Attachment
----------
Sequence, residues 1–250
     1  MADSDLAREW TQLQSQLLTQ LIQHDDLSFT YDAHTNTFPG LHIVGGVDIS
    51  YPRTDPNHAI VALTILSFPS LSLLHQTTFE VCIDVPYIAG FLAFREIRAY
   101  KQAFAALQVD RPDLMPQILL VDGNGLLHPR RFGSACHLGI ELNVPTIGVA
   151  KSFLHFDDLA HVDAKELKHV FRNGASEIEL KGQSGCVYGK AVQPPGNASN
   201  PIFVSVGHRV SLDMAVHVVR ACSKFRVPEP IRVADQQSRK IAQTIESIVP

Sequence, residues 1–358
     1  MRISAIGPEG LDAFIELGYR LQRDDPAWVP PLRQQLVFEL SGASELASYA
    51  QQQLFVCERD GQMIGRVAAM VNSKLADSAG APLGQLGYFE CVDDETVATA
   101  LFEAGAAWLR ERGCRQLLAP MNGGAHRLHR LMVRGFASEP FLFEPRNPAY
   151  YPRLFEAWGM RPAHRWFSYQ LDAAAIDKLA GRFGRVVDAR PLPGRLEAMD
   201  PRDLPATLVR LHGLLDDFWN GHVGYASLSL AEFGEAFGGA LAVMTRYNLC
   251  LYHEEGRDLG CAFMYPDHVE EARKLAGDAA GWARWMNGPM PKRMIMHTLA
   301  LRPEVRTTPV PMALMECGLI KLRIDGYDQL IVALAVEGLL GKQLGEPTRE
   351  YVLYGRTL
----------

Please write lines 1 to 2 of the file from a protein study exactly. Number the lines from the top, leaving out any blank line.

Sequence, residues 1–250
     1  MADSDLAREW TQLQSQLLTQ LIQHDDLSFT YDAHTNTFPG LHIVGGVDIS